New molecular target classification system could aid treatment decision making
medwireNews: The ESMO Translational Research and Precision Medicine Working Group has proposed a classification system that orders the value of molecular aberrations as oncologic clinical targets based on the supporting evidence available.
“This clinical benefit-centred classification system offers a common language for all the actors involved in clinical cancer drug development. Its implementation in sequencing reports, tumour boards and scientific communication, can enable precise treatment decisions and facilitate discussions with patients about novel therapeutic options,” say Fabrice Andre (ESMO Head Office – Scientific Affairs, Lugano, Switzerland) and fellow authors.
They have graded the molecular targets into six tiers according to their implications for patient management to produce The ESMO Scale for Clinical Actionability of Molecular Targets (ESCAT).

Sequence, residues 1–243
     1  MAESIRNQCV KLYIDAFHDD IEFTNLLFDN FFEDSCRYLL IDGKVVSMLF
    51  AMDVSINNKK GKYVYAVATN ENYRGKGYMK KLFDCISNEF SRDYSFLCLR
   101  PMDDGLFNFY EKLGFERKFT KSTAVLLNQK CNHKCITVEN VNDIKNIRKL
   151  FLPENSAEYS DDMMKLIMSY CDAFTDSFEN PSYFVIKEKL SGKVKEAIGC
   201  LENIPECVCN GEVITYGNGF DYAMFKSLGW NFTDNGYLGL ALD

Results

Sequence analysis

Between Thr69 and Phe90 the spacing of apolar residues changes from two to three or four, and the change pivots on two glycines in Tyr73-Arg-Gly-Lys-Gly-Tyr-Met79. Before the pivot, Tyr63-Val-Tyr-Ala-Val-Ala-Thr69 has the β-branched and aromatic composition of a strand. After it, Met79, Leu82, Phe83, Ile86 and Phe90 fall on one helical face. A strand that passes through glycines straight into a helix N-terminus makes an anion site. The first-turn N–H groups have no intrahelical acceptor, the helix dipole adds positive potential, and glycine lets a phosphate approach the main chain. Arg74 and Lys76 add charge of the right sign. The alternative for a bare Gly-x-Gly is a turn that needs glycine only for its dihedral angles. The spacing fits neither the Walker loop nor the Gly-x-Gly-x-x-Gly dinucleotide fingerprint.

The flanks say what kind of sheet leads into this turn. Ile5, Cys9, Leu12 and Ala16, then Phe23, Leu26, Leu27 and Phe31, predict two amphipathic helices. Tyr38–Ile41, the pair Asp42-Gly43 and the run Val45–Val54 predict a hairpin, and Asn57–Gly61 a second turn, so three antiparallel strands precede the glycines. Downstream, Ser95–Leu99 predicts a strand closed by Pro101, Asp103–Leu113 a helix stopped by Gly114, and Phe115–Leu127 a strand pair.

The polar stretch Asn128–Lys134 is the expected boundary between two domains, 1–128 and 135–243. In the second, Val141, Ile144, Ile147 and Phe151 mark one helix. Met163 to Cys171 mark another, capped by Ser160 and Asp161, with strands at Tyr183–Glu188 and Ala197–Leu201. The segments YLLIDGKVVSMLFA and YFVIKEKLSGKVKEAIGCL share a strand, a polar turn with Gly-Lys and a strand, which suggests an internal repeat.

Tier I includes targets that are ready for implementation in routine clinical decisions, such as the anti-HER2 antibodies, including trastuzumab, for HER2-amplified breast cancer and EGFR inhibitors for non-small-cell lung cancer patients harboring an EGFR activating mutation.
Tier II is for investigational targets where benefit has been shown in a molecularly defined patient population but more data is needed. These include the PI3K–PTEN pathway, which has been targeted by AKT inhibition with ipatasertib in patients with advanced prostate cancer.
Tier III is for targets where clinical benefit has been demonstrated in other tumor types, for example B-Raf enzyme inhibition with vemurafenib, which significantly extends survival in patients with metastatic melanomas harboring the BRAF V600E mutation but has variable activity in other tumors. Tier III also includes targets for which clinical benefit has been shown for similar molecules, such as the germline BRCA1 or BRCA2 mutations, which are Tier I targets in breast and ovarian cancers but are Tier III for prostate and pancreatic cancers.
Tier IV is for targets where there is preclinical evidence of action. And Tier V is for targets where evidence of action is lacking, but there may still be potential in combination therapy strategies.
“Clear terminology regarding clinical utility should decrease the chance for misinterpretation of results that could lead to missed opportunities for effective treatment or over-interpretation of hypothetical targets,” the group concludes in the Annals of Oncology.
By Lucy Piper
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